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Underground: A Human History of the Worlds Beneath Our Feet

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3.81  ·  Rating details ·  1,692 ratings  ·  298 reviews
A panoramic investigation of the subterranean landscape, from sacred caves and derelict subway stations to nuclear bunkers and ancient underground cities—an exploration of the history, science, architecture, and mythology of the worlds beneath our feet.

When Will Hunt was sixteen years old, he discovered an abandoned tunnel that ran beneath his house in Providence, Rhode Is

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Hardcover, 288 pages
Published January 29th 2019 by Spiegel & Grau
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Julie No, it didn't discuss the underground railroad. But I did wonder if an American named Symmes influenced the underground railroad. The author wrote of …moreNo, it didn't discuss the underground railroad. But I did wonder if an American named Symmes influenced the underground railroad. The author wrote of a man from 1818 named John Cleves Symmes who declared his intent to lead a voyage to the interior of the earth to prove that it was hollow and habitable. In the end, Symmes was considered a loon who wasted his life chasing fairy tales of underground lands. But before that he sparked the imagination of many. It seems likely it sparked the imagination of the man that sparked the world’s imagination, the author of Alice in Wonderland. There is little doubt that tales from the likes of Jules Verne, HG Welles, and Frank Baum were sparked from Symmes too. (less)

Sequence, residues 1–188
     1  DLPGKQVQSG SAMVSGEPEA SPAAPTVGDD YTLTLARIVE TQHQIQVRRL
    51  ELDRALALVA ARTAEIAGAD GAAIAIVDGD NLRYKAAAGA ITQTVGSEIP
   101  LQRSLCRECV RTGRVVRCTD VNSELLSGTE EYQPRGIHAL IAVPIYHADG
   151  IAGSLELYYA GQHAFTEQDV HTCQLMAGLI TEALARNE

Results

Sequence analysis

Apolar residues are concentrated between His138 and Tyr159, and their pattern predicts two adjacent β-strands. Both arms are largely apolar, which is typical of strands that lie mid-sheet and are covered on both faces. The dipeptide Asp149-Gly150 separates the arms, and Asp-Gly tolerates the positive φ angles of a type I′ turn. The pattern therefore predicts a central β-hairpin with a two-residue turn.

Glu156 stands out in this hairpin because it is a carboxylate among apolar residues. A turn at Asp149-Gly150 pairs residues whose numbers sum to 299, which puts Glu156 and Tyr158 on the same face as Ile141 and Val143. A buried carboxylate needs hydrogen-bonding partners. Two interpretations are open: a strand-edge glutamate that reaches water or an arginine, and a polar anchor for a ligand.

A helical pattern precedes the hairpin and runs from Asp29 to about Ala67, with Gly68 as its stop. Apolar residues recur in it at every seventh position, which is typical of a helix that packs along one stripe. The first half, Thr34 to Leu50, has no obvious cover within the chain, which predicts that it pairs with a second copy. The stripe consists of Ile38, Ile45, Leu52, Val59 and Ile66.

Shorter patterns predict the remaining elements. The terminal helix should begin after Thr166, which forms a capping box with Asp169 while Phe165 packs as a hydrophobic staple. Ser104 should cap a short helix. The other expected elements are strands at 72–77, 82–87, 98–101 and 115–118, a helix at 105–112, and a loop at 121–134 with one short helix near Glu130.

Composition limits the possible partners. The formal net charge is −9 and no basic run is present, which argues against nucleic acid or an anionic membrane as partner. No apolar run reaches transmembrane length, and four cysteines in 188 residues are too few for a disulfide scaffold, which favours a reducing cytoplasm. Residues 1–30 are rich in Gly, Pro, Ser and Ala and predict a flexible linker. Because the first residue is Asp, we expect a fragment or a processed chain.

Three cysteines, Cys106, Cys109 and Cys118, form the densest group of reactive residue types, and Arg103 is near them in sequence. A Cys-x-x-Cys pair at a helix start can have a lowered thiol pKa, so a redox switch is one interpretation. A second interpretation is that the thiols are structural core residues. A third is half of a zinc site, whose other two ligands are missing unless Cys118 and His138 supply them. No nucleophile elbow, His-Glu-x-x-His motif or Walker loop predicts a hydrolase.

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Will Hunt
Jan 03, 2019 rated it it was amazing  ·  (Review from the author)
To be fair, I wrote this book ;)
Jessaka
Feb 19, 2019 rated it it was amazing
Shelves: non-fiction
Will Hunt spent time in the N.Y. underground, the subway tunnels. Revs did as well. Revs was a graffiti artist who spent many years using N.Y. City as a canvas. He became famous, but not in a way that made him money. Then Revs took a ladder, paints, and other tools of his trade into the subway tunnels at night when no one was watching. He picked out the most obscure sections, tose filled with darkness, to begin writing his book. With a paint roller and yellow or white paint, he made large book p ...more